ARA Antibodies for Research Applications

ARA: Agents for Research translated to Clinical Application

History of ARA

The company Antibodies for Research Applications BV (ARA) was founded in May 2000 by Dr. Peter J.K. Kuppen en Dr. Arko Gorter. In 2003 Mr. Rob Spaan joined the company as financial executive officer. The founders are scientists at the Leiden University Medical Center (LUMC). The original aim of the company was to retail monoclonal antibodies in license. Apart from applications in the research, antibodies proved to be useful for clinical applications, both as diagnostic tools and as clinical agents. In 2009 the company further broadened its activities and participates in an intra-operative Multi-Spectral Imaging Systems for Radical Tumor Resection (MUSIS) consortium to explore the usefulness of antibodies (and other agents) for Image-Guided Surgery. To fund this activity a grand was submitted to the Center for Translational Molecular Medicine (CTMM). The grand was approved in 2009.


The CTMM (Center for Translational Molecular Medicine, is a Dutch public-private cooperation initiative, founded by the Dutch government in 2006. CTMM aims to promote technological developments in molecular medicine, focused on early diagnostics and personalized medicine of oncological, cardiovascular and neurodegenerative disorders and infection/auto-immune diseases. These four types of disorders represent the most prominent causes of mortality and reduced quality of live in the Western world. To fund CTMM projects the Dutch government contributes 50% of the costs, the other 50% of the costs is contributed by academic research institutes and industry (each 25%).

Intra-operative Multi-Spectral Imaging Systems for Radical Tumor Resection project

One of the CTMM-projects that started in January 2010, is the Intra-operative Multi-Spectral Imaging Systems for Radical Tumor Resection (MUSIS) project ( The aim of the MUSIS project is to improve surgical treatment of cancer patients. In approximately 25% of the cases, surgical tumor resection is incomplete, resulting in tumor-positive resection margins. In these cases an additional operation or intensive additional therapy such as radiotherapy or chemotherapy is indicated. The goal of the MUSIS is to improve tumor resection by visualizing the tumor during the operation. This is achieved by attaching a fluorescent marker to the tumor cells. Although the fluorescence by itself is invisible for the surgeon a specialized camera system detects the fluorescence and converts it into a visible image of on screen. Based on this image the surgeon is able to exactly locate the tumor mass and thus determine much more accurate the resection margins. All necessary expertises are combined in a MUSIS consortium, generating optimal synergy to realize the set targets. The expertises encompasses amongst others the generation of tumor specific agents coupled to fluorochromes, a specialized camera system that detects and converts fluorescent light and an academic environment that facilitates pre-clinical and clinical testing of the developed reagents, equipment and methods.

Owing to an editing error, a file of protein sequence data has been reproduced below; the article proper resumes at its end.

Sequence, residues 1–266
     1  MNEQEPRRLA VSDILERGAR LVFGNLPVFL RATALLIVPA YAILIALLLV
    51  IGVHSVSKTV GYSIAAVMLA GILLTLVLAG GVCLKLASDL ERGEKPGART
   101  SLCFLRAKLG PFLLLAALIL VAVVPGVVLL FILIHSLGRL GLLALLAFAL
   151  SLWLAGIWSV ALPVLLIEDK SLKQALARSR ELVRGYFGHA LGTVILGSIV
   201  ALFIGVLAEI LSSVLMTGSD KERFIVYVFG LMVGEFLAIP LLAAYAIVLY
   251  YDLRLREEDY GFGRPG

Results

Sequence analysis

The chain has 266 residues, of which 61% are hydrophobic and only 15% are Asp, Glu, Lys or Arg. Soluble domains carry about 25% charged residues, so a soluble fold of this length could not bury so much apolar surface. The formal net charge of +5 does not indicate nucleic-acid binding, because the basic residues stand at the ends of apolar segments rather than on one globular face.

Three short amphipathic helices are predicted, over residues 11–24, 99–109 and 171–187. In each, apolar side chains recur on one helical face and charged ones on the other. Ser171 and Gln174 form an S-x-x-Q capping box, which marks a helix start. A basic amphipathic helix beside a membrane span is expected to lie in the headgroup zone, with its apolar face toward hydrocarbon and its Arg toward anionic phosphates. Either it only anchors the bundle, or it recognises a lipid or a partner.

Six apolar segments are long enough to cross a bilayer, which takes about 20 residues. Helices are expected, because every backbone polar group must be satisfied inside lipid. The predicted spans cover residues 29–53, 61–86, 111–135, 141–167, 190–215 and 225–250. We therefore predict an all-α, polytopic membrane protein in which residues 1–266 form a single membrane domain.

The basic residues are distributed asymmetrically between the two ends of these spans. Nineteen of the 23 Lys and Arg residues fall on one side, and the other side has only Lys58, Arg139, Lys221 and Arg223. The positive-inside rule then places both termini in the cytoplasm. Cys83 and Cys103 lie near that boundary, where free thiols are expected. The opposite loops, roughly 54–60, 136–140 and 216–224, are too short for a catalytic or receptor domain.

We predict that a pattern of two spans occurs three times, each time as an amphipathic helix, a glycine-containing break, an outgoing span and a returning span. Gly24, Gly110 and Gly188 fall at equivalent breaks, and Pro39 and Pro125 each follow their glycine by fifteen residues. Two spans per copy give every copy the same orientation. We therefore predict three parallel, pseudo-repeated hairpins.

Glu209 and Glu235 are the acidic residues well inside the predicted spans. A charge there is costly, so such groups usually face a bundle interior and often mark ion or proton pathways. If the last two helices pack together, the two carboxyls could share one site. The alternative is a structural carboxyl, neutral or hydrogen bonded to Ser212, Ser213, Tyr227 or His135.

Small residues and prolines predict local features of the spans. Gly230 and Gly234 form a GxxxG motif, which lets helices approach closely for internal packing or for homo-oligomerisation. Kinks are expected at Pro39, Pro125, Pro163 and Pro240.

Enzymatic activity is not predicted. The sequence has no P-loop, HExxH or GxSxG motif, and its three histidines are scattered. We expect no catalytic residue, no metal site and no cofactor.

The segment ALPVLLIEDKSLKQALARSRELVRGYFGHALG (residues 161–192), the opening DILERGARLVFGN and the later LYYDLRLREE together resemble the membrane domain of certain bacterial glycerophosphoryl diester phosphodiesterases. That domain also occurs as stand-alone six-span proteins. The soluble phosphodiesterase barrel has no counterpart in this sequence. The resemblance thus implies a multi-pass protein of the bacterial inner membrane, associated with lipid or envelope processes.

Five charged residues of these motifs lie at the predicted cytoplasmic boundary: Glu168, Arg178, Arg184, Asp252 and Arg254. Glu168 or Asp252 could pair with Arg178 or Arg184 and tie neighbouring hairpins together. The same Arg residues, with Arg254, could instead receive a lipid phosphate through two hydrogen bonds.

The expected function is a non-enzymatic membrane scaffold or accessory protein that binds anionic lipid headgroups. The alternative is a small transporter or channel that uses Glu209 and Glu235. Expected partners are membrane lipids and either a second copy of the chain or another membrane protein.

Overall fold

The MUSIS-consortium

ARA is one of the main partners in the MUSIS consortium. ARA is accountable for the development of tumor targeting agents (such as monoclonal antibodies) to which fluorescent probes (fluorochromes) can be attached. The other partners are: DEAM BV (endoscopic equipment); Luminostox BV (optical systems); O2View BV (camera system); Percuros BV (basal biotechnologies) and Westburg BV (fluorochromes). De academic partners are: Erasmus Medical Center, Leiden University Medical Center, Dutch Cancer Institute and the Technical University Delft. This consortium contains all the necessary expertises to allow both fundamental research to select the appropriate agents and to allow clinical introduction of the selected agents.

Breast cancer and colon cancer

Both breast and colon cancer have a high prevalence in the Netherlands and the rest of the Western world. In the Netherlands approximately 15.000 new cases of breast cancer and approximately 12.000 new cases of colon cancer are detected each year. The mortality of breast cancer and colon cancer is respectively approximately 3500 and 5000 cases each year. Due to the high prevalence and considerable mortality of these tumor types the primary focus of the MUSIS project is on breast and colon cancer. In early stages surgical treatment is one of the most effective treatment options for breast and colon cancer, however in approximately 25% of the cases surgical treatment, due to incomplete tumor resection, is not curative. This requires extra medical care (chemotherapy or radiotherapy or a combination of both) and results in a poorer clinical prognosis for the patient. Image-guided surgery, allowing a more efficient removal of the tumor, could significantly improve surgical treatment of cancer and result in a substantial reduction of after-treatment medical costs.